The “Regulatory Reform” newsletter is the monthly initiative aimed at updating the Finance and Risk community with the most recent regulatory changes impacting Banks and Capital Markets firms. We update our comprehensive regulatory database every month by tracking more than 40 regulatory and industry bodies covering North America, Europe and Asia Pacific. Every month, we will highlight approximately 10 regulations shortlisted on the basis of geography of coverage and anticipated business impacts. Our summaries highlight the risks covered and business processes affected by the regulatory reforms. This newsletter is planned to supplement the existing newsletter “Regulatory Insights” which provides a deeper analysis of business implications and Accenture’s point of view on a single or much smaller set of regulatory changes.

Edition Highlights:

  • The Prudential Regulation Authority’s proposed rules6 on corporate governance sets out expectations it has of from boards of directors in terms of setting strategy, culture, risk appetite, and risk management.
  • The Securities and Exchange Commission’s proposals7 would modernize the reporting and disclosure of information by registered investment companies.
  • The Financial Stability Board’s assessment3 of the supervisory framework for global systemically important banks reveals that supervision has become more risk-focused.

Current coverage period: Through May 31st, 2015

Note: Anticipated business impact for covered regulations is shown using the following rating legend:

(*Low) (**Medium) (***High)

CURRENT REGULATIONS:

The International Accounting Standards Board (IASB)(**):
Conceptual Framework for Financial Reporting
Publication Date: May 28th 2015
Risks Covered: Compliance Risk, Operational Risk
Business Processes Impacted: Finance and Performance Management, Reporting
The IASB’s proposals1 on conceptual framework strengthen International Financial Reporting Standards (IFRS) and help the IASB develop standards that bring transparency, accountability, and efficiency to financial markets around the world. Enhancements proposed include: a) a new chapter on measurement that describes appropriate measurement bases, and the factors to consider when selecting a measurement basis; and b) refined definitions of the basic building blocks of financial statements – assets, liabilities, equity, income, and expenses.

Financial Conduct Authority (FCA)(*):
Capital resources requirements for Personal Investment Firms
Publication Date: May 28th 2015
Risks Covered: Compliance Risk, Operational Risk
Business Processes Impacted: Capital Adequacy and Capital Planning, Risk Management and Stress Testing
The consultation2 from FCA outlines its proposed rules for establishing the amount of capital resources a personal investment firm (PIF) must hold. The proposals are based on setting the capital requirements as a function of regulated income. In addition to increasing the capital resources requirement, the proposal sets out a new income-based requirement. Under this, PIFs must hold capital resources that are at least equal to a percentage of the relevant annual income amount earned in the previous year.

Financial Stability Board (FSB)(*):
Thematic Review on Supervisory Frameworks and Approaches for SIBs – Peer review report
Publication Date: May 26th 2015
Risks Covered: Compliance Risk, Operational Risk
Business Processes Impacted: Risk Management and Stress Testing, Capital Adequacy and Capital Planning
The FSB’s review3 assesses progress towards implementing changes in tools and methods used by supervisors in order to intensify supervision aimed at global systemically important banks (G-SIBs). Key conclusions of the review include: a) supervision has become more risk-based; b) supervisory tools such as business model analysis, stress testing and horizontal reviews have been enhanced, capturing both current and emerging risks; and c) the scope of supervision has also expanded to incorporate macro prudential and resolvability considerations. Many recommendations have been set out in the report to further improve and assess supervisor effectiveness.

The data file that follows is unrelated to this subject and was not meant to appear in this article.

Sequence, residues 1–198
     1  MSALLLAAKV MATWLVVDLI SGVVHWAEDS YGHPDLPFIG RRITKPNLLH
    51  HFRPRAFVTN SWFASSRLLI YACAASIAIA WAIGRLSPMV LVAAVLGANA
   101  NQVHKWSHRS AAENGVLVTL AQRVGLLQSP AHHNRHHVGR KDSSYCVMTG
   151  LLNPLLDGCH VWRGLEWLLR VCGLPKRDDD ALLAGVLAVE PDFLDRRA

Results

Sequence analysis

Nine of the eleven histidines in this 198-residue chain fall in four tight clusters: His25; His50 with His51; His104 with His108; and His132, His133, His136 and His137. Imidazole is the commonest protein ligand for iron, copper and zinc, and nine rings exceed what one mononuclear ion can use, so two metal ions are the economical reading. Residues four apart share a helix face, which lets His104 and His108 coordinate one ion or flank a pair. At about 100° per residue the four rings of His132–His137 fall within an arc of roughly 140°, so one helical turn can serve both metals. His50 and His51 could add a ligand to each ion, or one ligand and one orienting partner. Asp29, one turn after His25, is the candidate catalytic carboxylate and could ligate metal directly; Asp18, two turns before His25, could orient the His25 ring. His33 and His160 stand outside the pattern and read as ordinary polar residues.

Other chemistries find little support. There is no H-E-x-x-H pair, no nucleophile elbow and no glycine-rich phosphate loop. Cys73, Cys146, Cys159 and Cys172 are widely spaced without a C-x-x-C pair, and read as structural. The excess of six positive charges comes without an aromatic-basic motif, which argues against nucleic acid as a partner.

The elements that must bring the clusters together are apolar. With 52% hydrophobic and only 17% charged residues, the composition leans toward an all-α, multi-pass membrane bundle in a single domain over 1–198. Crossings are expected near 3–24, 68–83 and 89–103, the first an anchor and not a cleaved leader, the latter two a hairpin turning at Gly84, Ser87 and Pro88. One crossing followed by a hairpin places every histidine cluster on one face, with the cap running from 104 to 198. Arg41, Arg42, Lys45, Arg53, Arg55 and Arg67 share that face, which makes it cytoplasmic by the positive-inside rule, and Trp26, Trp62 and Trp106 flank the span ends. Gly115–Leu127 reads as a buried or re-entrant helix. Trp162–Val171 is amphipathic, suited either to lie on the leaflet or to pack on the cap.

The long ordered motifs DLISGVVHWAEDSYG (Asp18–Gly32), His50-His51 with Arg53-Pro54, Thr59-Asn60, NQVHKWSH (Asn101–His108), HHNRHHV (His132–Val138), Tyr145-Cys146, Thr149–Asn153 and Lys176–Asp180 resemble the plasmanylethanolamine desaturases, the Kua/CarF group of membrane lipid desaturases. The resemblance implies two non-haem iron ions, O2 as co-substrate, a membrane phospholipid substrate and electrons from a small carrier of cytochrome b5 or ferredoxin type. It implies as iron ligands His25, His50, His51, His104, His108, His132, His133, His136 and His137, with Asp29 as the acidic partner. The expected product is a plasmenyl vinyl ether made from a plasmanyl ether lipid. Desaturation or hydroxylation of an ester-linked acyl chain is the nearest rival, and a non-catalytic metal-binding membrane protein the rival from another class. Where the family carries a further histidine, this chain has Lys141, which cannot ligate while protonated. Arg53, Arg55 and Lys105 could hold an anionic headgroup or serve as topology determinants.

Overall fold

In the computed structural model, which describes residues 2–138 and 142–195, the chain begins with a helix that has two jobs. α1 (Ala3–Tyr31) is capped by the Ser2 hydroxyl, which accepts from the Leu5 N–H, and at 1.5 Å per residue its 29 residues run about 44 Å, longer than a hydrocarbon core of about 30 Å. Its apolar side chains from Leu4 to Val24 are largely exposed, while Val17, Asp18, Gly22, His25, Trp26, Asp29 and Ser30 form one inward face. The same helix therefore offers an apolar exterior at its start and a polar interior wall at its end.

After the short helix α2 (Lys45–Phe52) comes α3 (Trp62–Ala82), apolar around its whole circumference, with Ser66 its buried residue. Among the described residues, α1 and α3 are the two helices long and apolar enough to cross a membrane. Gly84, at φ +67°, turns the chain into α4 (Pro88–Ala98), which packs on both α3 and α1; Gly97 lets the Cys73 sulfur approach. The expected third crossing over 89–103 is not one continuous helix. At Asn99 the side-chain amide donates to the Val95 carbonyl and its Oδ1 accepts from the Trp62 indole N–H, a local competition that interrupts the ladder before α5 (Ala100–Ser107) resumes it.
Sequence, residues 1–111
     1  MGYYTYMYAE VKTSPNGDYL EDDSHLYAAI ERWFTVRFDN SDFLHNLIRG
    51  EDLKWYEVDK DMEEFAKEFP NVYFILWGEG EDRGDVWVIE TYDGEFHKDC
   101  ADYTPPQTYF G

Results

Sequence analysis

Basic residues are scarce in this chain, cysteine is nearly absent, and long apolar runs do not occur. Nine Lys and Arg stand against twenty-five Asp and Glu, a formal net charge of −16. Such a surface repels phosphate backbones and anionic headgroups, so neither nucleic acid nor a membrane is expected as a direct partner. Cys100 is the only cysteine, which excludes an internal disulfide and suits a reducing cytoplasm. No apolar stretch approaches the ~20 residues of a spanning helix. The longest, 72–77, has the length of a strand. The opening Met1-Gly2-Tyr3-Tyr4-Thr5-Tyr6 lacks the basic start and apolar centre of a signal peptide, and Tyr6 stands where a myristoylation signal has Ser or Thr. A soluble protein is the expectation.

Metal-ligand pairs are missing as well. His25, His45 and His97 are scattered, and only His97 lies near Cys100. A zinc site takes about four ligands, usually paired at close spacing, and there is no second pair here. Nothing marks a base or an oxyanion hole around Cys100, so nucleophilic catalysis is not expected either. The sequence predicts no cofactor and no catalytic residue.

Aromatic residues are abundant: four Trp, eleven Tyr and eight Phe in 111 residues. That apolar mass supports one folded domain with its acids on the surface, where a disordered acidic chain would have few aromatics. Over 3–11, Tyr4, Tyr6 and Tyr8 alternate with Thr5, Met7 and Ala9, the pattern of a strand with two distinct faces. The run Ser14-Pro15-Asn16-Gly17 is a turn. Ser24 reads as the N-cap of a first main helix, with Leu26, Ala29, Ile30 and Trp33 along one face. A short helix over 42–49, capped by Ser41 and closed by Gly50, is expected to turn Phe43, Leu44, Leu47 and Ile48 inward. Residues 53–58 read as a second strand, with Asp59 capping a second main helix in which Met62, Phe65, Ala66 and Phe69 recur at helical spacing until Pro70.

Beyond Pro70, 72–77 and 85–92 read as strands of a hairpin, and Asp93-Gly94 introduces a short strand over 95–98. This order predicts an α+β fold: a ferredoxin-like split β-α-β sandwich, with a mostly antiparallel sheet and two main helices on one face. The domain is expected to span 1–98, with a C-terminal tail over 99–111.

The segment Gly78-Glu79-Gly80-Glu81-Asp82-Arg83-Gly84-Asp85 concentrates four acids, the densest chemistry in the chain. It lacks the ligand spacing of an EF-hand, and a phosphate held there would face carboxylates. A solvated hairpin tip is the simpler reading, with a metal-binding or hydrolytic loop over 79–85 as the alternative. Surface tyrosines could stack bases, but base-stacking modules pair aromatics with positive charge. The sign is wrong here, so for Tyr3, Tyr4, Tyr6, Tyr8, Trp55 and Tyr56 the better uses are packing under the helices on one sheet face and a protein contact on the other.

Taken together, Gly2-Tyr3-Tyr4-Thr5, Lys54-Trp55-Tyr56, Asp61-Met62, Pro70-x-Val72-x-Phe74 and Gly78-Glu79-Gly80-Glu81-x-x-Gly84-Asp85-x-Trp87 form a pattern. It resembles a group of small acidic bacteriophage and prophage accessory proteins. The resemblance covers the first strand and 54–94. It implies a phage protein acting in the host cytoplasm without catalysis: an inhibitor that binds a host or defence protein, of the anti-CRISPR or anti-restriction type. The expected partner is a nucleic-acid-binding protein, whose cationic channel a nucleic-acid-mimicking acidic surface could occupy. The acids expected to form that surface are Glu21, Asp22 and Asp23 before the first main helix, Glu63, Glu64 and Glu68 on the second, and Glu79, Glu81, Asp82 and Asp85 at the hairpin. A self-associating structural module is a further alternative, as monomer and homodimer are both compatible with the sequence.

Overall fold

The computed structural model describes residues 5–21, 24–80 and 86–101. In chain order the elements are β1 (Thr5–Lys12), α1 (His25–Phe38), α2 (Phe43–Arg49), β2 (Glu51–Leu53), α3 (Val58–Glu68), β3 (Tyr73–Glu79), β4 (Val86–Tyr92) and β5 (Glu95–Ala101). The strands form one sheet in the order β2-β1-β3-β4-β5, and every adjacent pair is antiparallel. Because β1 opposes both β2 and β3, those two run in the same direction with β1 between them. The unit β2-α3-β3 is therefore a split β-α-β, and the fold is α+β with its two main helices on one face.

European Central Bank (ECB)(*):
Structural reforms, inflation and monetary policy – Introductory speech by Mario Draghi, President of the ECB,
Publication Date: May 22nd 2015
Risks Covered: Systemic Risk, Business Cycle Risk
Business Processes Impacted: Audit, Legal and Compliance, Risk Management and Stress Testing
Leadership speech4 by the President of the ECB reiterates the interdependence of structural reforms and cyclical policies, including monetary policy. Structural reforms are important from the perspective of potential growth of output and the economy’s resilience to shocks. A comprehensive package of structural reforms, would, over time, increase both resilience and growth. This is especially true for monetary union, given its current position.

Board of Governors of the Federal Reserve System (the Fed)(**):
Liquidity Coverage Ratio: Treatment of U.S. Municipal Securities as High-Quality Liquid Assets
Publication Date: May 28th 2015
Risks Covered: Liquidity Risk
Business Processes Impacted: Funding and Liquidity Management,  Risk Management and Stress Testing
The proposed rule5 from the Fed would help maintain strong liquidity under the liquidity coverage ratio (LCR) while providing banks with the flexibility to hold a wider range of high-quality liquid assets (HQLA). The proposal would amend the Fed’s LCR requirement to allow investment grade, general obligation US state and municipal bonds to be counted as HQLA (up to certain levels) if they meet the same liquidity criteria that currently apply to corporate securities. The limits on the amount of a state or municipality’s bonds that could qualify are based on specific liquidity characteristics of the bonds.

Bank of England, Prudential Regulation Authority (PRA)(***):
Corporate governance: Board responsibilities
Publication Date: May 21st 2015
Risks Covered: Strategic Risk, Operational Risk
Business Processes Impacted: Risk Management and Stress Testing, Audit, Legal and Compliance
With its general objective to encourage good corporate governance, the PRA has issued a consultation6 paper to identify some key aspects of good board governance which it considers important in the conduct of its supervision. The draft statement issued complements the individual accountabilities that the PRA is introducing through the Senior Managers and Senior Insurance Managers Regimes. The consultation paper is relevant to all PRA-regulated firms.